NL/Scripting introductie

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Resources(Hulpmiddelen) zijn een groot belang voor MTA. Een resource is voornamelijk een map of zip bestand dat uit een collectie van bestanden bestaat, plus een meta bestand dat de server beschrijft hoe de resource geladen moet worden en wat voor bestanden het bevat. Een resource is vergelijkbaar met een programma op een operating system - het kan gestart en gestopt worden, en meerdere resources kunnen tegelijkertijd werken

Alles wat met scripten heeft te maken gebeuren in resources, wat een resource doet is het definiëren of het een gamemode is, een map, wat dan ook. MTA komt met resources dat je optioneel kan gebruiken in jouw gamemodes, zoals maplimieten om door te kunnen spelen in een bepaald gebied of pick-ups bij dood om wapen pick-ups te maken.

Jou eerste stap met het beginnen van Lua scripting zou het gebruiken van een Lua editor kunnen zijn. Dit maakt het scripten makkelijker. Wij raden Notepad++ of LuaEdit aan. Er is ook een onofficiële MTA Script Editor (nog niet klaar) dat je uit kan proberen.

Het maken van een werkende script

Eerst gaan we beginnen met het maken van een basis script waarbij spelers door de stad kunnen lopen, stap bij stap.

Waar zijn alle scripts?

Laten we een kijkje nemen naar de structuur van de scripts. Ga naar je MTA map en volg deze pad:

/Jouw MTA Server/mods/deathmatch/resources/

Je zal een groot aantal .zip folders zien, dit zijn de verpakte probeersels die meegekomen zijn met MTA 1.0. Elk bestand is een "resource", en ze zullen allemaal uitgepakt worden door de server wanneer het start. Om een eigen resource te maken, Maak simpelweg een map met de gewenste naam. We gebruiken "myserver" als naam bij deze begeleiding.

Nu zou de map op deze locatie staan:

/Jouw MTA Server/mods/deathmatch/resources/myserver/

Jouw resource identificeren

Om de server te laten weten wat in de resource zit moet er een meta.xml bestand aangemaakt worden om inhoud op een lijstje te zetten. Het moet geplaatst worden in het map van de resource, dus de map "myserver". Dus maak een tekstbestand aan, noem het "meta.xml" en open het met Kladblok.

Zet de volgende codes in het meta.xml bestand:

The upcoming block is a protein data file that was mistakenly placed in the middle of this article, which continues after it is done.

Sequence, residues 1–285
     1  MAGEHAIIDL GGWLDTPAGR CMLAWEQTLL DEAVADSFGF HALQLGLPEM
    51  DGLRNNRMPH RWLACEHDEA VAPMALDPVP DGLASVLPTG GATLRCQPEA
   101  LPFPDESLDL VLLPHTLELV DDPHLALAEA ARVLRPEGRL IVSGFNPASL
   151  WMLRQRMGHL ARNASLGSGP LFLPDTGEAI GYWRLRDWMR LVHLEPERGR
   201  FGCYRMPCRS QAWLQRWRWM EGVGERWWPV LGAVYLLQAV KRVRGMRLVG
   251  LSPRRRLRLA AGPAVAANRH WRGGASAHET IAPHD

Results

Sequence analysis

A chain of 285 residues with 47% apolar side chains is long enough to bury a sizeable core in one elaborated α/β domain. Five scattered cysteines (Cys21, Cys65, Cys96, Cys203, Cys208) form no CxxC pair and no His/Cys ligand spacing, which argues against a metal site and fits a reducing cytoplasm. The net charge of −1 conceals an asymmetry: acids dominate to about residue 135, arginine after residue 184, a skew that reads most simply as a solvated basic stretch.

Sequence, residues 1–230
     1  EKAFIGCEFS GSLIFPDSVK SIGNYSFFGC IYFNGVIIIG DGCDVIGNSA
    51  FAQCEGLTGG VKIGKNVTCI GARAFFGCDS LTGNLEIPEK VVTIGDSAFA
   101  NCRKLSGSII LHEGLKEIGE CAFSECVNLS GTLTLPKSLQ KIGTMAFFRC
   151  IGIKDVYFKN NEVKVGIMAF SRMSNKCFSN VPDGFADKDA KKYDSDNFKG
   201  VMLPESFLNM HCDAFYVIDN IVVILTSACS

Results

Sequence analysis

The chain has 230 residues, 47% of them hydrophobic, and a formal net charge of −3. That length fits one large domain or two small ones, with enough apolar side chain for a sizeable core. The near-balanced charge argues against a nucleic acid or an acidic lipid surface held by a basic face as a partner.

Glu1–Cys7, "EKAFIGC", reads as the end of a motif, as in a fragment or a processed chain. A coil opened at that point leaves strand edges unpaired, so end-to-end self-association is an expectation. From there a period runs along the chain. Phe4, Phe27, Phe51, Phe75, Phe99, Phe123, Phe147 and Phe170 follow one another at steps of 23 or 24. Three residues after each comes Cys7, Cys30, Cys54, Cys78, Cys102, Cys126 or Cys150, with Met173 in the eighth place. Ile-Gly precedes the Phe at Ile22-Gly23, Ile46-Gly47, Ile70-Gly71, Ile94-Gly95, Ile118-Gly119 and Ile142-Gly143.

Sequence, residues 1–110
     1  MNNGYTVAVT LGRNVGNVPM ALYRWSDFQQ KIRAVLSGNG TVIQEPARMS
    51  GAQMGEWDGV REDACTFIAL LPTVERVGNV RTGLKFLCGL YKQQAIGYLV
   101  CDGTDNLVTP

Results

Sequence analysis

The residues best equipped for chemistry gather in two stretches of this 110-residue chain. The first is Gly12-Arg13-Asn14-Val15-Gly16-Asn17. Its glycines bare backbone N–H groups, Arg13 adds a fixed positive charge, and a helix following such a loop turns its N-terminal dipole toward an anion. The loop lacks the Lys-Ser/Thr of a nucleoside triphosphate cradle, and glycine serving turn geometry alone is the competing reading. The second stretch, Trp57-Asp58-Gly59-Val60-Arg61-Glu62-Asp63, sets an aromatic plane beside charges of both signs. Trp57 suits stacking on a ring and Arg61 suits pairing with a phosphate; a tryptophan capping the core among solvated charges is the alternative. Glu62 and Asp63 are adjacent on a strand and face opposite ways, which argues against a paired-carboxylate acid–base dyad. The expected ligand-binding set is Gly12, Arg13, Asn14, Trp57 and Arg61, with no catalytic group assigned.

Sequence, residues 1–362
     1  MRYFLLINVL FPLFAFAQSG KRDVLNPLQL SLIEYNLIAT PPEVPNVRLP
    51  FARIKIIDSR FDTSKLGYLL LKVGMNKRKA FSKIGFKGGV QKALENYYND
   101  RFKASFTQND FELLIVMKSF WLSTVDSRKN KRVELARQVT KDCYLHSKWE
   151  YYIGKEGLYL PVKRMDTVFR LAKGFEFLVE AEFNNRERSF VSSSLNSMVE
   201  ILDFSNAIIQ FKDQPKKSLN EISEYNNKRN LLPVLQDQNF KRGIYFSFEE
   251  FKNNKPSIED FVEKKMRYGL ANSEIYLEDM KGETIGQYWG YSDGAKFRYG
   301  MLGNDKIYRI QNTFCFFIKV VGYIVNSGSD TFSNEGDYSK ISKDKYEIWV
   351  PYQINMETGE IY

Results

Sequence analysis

<meta>
     <info author="JouwNaam" type="gamemode" name="Mijn Server" description="Mijn eerste MTA 1.0 server" />
     <script src="script.lua" />
</meta>

In de <info /> label, is er een "type" veld dat de resource aangeeft het te identificeren als een gamemode inplaats van een toevoeging of een map, dit zal later uitgelegd worden. Een gamemode is wat je nodig hebt op een alleen staand server.

De <script /> label geeft de scripts die toebehoren tot de resource, die we zojuist nu gaan maken.

Een simpel script maken

Let op dat er een <script /> label er boven zit, de .lua bestand moet niet in een andere map. Dus daarbij maken wij een bestand aan in de zelfde map als de meta.xml. Nu kan je de volgende code kopiëren en plakken naar de script.lua:

local spawnX, spawnY, spawnZ = 1959.55, -1714.46, 10
function joinHandeling()
	spawnPlayer(source, spawnX, spawnY, spawnZ)
	fadeCamera(source, true)
	setCameraTarget(source, source)
	outputChatBox("Welkom op mijn server", source)
end
addEventHandler("onPlayerJoin", getRootElement(), joinHandeling)

Het script zal je spawnen op de coördinaten (x, y, z) als boven aangegeven, wanneer je in het spel gaat spelen. Let op dat de fadeCamera functie gebruikt moet worden anders blijft het scherm zwart. Ook moet je de camera doel zetten voor oudere releases na DP2 (anders zullen de spelers alleen maar een zwart scherm zien).

De source variabel geeft aan wie de event veroorzaakte. Wanneer een speler de code afspeelt, gebruik je deze variabel om te zien wie verbond met de server. Zodat de speler zelf in het spel wordt gezet in plaats van iedereen of een willekeurig iemand.

Als we een kijkje nemen bij addEventHandler, kan je drie dingen zien: 'onPlayerJoin', dit geeft aan wanneer het af moet spelen. getRootElement(), dit geeft aan wie of wat het kan veroorzaken. (getRootElement() is alles/iedereen) En joinHandler, dat aangeeft welke functie afgespeeld moet worden nadat de event is veroorzaakt. Andere details zullen later uitgelegd worden, laten we voor nu snel een kijkje nemen door de server te starten en het uit te proberen!

Running the script

To get the server started, simply run the executable under the MTA DM directory. A list of server stats will be shown first; note the port number, which you'll need when joining the game. Then the server loads all the resources under the /resource/ directory, and then "ready to accept connections!"

Before you connect to the server, you must run the gamemode. Type "gamemode myserver" and press Enter. The server will start the gamemode you just created, and will also show any errors and warnings from this point on. Now you can start the MTA DM client, and "Quick Connect" using the IP address of your server and the port number you saw earlier. If all goes well, after a few seconds your character will be walking on the streets of Los Santos.